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Reducing Winter-Related Injury in Landscape Trees

Montana can have harsh winter conditions that can sometimes challenge even our hardiest trees and shrubs, especially if steps aren't taken to set them up for the best success. Last winter was especially tough on many of our landscape trees and shrubs, and we saw significant amounts of winter injury across the state. 

Follow these tips to set your trees and shrubs up for a more successful winter this year by allowing them to harden off and protecting them from common winter-related injuries.

Dieback in Deciduous Trees 

Dieback can occur on sensitive shoots and buds during temperature extremes, and can especially be an issue in marginally hardy trees and shrubs. Floral buds are more susceptible to dieback than leaf or stem buds, which can result in a reduction or lack of flowering and fruiting in the following growing season. It can be difficult to completely prevent winter dieback, but a few steps can be taken to reduce the likelihood.

  • Select regionally hardy trees, shrubs, and rootstock for your growing climate and make sure that they are well-taken care of and healthy going into winter.
  • Marginally hardy plants should be placed in more sheltered locations and, if possible, planted in groups.
  • Avoid fertilizing and pruning late summer and fall to reduce the amount of new tender growth going into the winter.
  • Make sure trees are watered sufficiently throughout the growing season, and check soil moisture regularly. Watering should continue until the ground freezes. It is especially important to keep watering newly transplanted trees and shrubs because they experience the most water-stress due to their underdeveloped root systems.  

Branch dieback in red maple (Photo: Joseph OBrien, USDA Forest Service,


Sunscald (also referred to as southwest injury) occurs when the sun heats up the bark of trees, which can begin stimulating cell activity in the winter. As temperatures drop after the sun disappears, these active cells can be killed, which results in cracking and splitting damage in the bark. This is especially likely in younger and newly transplanted trees, heavily pruned trees, as well as dark and thin-barked trees (such as cherries, plums, crabapples, ash, linden, maples, and honey locust). This is also more common in the south and southwest direction, where sun intensity is highest.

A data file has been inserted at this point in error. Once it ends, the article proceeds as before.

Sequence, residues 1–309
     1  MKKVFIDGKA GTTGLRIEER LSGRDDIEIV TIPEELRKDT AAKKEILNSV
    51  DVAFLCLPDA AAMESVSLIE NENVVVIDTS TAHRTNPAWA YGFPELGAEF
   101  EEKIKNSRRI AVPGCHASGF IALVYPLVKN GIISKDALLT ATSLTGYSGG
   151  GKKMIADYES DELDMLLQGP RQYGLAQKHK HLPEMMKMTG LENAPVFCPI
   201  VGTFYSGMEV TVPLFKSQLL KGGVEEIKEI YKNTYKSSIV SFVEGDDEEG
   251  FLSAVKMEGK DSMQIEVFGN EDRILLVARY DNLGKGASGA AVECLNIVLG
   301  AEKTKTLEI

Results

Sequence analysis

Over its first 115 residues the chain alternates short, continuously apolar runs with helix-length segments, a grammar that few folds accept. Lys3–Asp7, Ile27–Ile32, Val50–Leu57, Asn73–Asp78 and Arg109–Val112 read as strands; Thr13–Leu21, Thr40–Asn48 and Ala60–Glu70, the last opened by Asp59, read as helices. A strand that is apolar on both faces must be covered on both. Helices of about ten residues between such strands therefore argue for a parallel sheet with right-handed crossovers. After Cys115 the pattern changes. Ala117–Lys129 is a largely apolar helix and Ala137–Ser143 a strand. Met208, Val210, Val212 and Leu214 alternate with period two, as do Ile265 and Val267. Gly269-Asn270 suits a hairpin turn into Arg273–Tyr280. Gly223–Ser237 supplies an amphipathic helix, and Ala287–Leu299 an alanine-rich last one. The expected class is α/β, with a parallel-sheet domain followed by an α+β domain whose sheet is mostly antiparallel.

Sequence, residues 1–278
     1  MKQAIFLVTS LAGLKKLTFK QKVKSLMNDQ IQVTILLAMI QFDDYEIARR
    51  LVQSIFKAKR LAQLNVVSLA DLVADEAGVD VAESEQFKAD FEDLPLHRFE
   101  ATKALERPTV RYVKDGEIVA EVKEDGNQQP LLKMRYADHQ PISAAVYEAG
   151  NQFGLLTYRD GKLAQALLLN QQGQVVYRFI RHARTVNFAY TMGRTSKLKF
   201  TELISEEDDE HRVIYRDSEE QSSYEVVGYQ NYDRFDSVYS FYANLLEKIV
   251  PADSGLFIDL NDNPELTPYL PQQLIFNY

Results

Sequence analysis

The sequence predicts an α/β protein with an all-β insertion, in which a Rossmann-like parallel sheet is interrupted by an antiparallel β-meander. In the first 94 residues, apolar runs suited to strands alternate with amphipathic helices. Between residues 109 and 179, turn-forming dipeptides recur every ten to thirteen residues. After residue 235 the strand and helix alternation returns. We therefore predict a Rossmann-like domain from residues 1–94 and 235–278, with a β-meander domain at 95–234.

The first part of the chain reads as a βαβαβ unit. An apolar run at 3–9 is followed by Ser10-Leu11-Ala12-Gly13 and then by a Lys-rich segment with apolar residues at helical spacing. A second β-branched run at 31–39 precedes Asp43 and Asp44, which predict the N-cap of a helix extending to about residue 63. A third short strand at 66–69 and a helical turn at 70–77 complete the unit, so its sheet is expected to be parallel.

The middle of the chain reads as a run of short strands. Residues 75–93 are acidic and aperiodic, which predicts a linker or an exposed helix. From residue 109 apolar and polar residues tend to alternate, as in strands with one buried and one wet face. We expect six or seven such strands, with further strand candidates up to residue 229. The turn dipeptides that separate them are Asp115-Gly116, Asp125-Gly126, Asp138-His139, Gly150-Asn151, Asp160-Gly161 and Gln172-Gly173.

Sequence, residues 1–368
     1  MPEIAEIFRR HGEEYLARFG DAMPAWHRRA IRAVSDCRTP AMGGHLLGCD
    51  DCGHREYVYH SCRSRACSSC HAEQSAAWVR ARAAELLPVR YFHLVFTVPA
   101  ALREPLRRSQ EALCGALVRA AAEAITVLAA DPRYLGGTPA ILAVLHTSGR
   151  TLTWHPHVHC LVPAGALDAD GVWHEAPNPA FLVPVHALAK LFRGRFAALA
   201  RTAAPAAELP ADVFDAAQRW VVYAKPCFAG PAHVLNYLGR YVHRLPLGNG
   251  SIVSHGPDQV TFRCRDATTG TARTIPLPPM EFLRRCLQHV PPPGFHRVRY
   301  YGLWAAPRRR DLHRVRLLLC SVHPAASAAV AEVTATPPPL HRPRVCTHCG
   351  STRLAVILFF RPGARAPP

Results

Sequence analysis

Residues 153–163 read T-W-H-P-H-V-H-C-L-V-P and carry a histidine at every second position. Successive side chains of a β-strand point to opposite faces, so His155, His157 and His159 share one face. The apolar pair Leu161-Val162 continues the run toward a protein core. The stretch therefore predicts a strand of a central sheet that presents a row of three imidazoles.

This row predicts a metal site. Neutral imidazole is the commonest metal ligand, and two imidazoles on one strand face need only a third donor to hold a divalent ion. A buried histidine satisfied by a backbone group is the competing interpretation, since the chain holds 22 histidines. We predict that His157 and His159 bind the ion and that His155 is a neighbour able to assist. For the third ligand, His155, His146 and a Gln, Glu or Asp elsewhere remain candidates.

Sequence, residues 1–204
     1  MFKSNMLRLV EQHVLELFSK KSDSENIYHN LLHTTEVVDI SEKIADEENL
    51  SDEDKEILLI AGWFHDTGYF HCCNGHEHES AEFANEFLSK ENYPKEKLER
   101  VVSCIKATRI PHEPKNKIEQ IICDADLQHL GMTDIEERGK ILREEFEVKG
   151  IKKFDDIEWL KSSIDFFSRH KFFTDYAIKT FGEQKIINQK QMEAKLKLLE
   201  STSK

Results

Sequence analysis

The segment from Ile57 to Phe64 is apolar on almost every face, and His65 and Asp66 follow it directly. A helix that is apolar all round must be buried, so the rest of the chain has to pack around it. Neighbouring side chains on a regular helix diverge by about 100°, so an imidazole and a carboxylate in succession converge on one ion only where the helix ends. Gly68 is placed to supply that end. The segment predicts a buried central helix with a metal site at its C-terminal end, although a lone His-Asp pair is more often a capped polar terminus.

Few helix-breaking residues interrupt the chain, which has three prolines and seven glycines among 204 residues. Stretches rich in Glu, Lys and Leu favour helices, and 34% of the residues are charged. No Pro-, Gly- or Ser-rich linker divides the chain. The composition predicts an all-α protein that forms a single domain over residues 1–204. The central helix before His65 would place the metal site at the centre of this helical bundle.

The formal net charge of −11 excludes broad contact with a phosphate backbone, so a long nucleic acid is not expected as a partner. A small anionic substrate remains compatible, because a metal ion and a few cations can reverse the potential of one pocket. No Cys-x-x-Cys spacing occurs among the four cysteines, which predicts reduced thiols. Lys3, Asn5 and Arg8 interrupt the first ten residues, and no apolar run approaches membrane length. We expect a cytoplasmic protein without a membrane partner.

Trunk damage from sunscald (Photo: Gerald Holmes, Strawberry Center, Cal Poly San Luis Obispo,

  • Protect susceptible trees by wrapping their bark in white tree wraps, plastic guards, or white latex paint to reflect the intense sunlight. 
    • Remove tree wraps and plastic guards in the spring as active growth resumes, to prevent constriction and girdling. 

Evergreen Winter Injury

Winter injury (also referred to as winter burn and desiccation) can be an issue for evergreen trees and shrubs, especially during long and dry winters. Unlike deciduous trees and shrubs, evergreens continue to lose moisture through transpiration in the winter. When the ground is frozen, and especially during periods of low humidity, low precipitation, and high winds, these evergreens can lose more moisture than they can replenish, which results in drying out and browning of needles and leaves. Damage is most often seen on the south, southwest, and windward sides of the plant, but can sometimes affect the entire plant. Although all evergreens are susceptible, this can be especially problematic on broadleaf evergreens due to their larger leaf surface area and subsequent potential moisture loss. 

  • Plant marginally hardy and highly susceptible evergreens in locations protected from high winds and intense winter sun.
  • Avoid late summer and fall pruning and fertilizing (which encourages new growth), because new growth is more susceptible to winter injury.
  • Make sure trees are watered sufficiently throughout the growing season, so they are not water-stressed going into the fall. 
  • After letting your trees harden off by slightly reducing watering in September, make sure they receive plenty of water in the fall (October) until hard freeze.  
  • On sunny winter days during periods of very limited or no snow cover, these evergreen trees may need occasional supplemental watering
    • Water trees mid-day when temperatures are above 40?F to replenish moisture lost through transpiration. 
    • Most tree roots are located in the top 6 to 24 inches of the soil and can extend 2-3 times past the circumference of the tree. Watering trees at the base/around the trunk is not very effective, as that water is not getting to where it is needed most in the roots. Apply water around the drip-line (the area underneath the circumference of the tree branches) which is also referred to as the critical root zone. 
    • Water slowly to encourage deeper water penetration into this root zone. 
  • Barriers such as burlap can be used to protect particularly sensitive trees and shrubs, especially if significant winter burn has been a problem in the past.
  • Anti-desiccation and anti-transpiration sprays can have variable/limited success, and are not an effective replacement for properly watering your trees. 

If you have additional questions about tree care, your local Extension Offices are a great resource!

 More Information on Protecting Trees and Shrubs in Winter: 

More Information on Fall and Winter Watering: 

Abiya (Abi) Saeed
[email protected]

MSU Extension
Montana State University
P.O. Box 172230
Bozeman, MT 59717-223

Tel: (406) 994-1750
Fax: (406) 994-1756
Location: Culberston Hall
[email protected]